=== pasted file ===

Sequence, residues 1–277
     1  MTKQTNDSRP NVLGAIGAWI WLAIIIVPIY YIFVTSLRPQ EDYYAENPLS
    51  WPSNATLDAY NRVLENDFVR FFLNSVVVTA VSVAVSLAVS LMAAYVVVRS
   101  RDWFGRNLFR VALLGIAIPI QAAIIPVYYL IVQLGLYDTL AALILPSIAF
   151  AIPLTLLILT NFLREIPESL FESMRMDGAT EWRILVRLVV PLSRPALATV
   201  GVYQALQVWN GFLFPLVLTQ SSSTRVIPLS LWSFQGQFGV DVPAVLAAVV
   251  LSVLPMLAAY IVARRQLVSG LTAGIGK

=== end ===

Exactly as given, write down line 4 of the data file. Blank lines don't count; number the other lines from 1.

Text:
   101  RDWFGRNLFR VALLGIAIPI QAAIIPVYYL IVQLGLYDTL AALILPSIAF